Birthplace in Puerto Rico, another Caribbean country or Latin America was not associated with increased odds of mite sensitization (using the 0.35 or the 0.70 IU/ml cutpoint for specific IgE titre). In fact, birth on the mainland seemed to be more of a risk factor, although this did not reach statistical significance (Table 2). Also, duration that Puerto Rican mothers lived in Puerto Rico (≥5 years) was not significantly associated with sensitization to B. tropicalis (OR=1.47, p=0.47), D. pteronyssinus (OR=0.48, p=0.18), and D. farinae (OR=0.41, p=0.13) or with seroatopy (OR=0.62, p=0.32).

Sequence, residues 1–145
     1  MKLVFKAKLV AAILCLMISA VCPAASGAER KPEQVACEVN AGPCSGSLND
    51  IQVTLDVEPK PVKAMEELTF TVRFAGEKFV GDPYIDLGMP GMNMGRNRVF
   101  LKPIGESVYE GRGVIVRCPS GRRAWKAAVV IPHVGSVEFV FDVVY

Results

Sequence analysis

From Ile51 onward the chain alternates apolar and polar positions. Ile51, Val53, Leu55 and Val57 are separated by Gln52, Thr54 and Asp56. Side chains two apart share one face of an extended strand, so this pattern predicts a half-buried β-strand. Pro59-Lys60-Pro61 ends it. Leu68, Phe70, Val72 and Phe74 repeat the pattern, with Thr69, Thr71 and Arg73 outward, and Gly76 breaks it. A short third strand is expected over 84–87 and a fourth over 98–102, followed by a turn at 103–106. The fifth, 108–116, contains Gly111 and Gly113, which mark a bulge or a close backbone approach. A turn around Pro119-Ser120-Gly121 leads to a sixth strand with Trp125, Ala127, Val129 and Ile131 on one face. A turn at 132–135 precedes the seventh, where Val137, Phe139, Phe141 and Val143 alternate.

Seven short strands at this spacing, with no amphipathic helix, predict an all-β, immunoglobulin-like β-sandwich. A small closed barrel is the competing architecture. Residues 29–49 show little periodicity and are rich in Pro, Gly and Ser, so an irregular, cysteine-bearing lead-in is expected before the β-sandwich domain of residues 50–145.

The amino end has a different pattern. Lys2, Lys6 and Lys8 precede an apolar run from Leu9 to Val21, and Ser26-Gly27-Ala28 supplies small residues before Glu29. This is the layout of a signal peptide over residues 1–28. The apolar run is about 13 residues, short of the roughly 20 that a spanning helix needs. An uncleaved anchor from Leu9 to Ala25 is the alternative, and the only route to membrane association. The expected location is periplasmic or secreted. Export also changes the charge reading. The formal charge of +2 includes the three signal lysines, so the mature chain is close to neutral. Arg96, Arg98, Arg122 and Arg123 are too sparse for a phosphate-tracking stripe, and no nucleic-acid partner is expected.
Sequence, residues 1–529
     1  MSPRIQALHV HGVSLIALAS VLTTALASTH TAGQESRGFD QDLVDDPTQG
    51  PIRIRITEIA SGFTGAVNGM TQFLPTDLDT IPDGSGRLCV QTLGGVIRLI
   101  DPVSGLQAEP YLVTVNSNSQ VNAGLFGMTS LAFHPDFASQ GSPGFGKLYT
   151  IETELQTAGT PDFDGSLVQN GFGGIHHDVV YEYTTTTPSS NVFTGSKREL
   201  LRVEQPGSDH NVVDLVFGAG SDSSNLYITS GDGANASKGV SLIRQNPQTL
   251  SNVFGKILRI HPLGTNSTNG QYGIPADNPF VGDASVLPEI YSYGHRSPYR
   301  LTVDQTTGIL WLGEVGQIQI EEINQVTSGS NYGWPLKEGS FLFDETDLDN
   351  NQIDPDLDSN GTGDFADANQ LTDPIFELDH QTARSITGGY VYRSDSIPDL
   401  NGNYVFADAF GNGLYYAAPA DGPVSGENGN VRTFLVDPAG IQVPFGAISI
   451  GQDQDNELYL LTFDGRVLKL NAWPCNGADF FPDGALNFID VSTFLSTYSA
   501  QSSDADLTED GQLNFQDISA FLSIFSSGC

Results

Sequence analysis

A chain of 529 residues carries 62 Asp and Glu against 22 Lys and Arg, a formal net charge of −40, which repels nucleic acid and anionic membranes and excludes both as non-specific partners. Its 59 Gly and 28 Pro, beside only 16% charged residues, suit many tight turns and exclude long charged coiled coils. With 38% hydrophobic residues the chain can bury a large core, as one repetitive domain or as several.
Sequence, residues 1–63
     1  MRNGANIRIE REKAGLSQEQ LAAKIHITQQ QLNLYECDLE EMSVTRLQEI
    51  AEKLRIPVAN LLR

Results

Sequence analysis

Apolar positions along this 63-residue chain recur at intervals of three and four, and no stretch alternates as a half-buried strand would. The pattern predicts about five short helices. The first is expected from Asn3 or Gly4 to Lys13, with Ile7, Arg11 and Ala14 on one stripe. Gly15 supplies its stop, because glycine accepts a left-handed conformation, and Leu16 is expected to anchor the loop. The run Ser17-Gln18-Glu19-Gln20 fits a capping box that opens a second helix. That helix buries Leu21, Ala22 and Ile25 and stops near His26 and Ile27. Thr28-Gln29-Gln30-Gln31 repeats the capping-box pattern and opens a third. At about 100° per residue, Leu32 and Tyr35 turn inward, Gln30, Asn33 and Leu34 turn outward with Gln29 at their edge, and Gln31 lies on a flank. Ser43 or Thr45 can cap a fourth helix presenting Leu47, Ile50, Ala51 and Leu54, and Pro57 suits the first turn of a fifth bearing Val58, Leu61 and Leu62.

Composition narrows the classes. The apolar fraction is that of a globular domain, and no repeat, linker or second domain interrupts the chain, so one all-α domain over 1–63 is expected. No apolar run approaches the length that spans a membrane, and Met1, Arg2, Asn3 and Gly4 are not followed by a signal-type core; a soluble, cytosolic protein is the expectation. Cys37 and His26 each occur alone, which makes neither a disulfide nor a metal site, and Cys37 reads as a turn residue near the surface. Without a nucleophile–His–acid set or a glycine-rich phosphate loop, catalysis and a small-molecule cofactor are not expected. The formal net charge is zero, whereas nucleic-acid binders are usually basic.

In linear regression models, mite-specific IgE was not significantly associated with current Der f 1 levels in their beds (GM =0.075 μg/g for those sensitized to any mite,. vs. 0.065 μg/g for not sensitized). For Der p 1 and Blot 5, too many values were below limit of detection for an interpretable regression model. To date, we have analyzed the serum samples of the first 146 women in this ongoing cohort, of which 35 traveled to a tropical environment within the first year after recruitment. Sensitization to mite allergens was similar among those who traveled to a tropical destination vs. those who did not (37% vs. 37 %, 31% vs. 35%, and 20% vs. 21% for D. pteronyssinus, D. farinae, and B. tropicalis, respectively). Among only seroatopic women (i.e., total IgE ≥ 100 IU/ml), there was also no significant difference in prevalence of sensitization to any of the mites.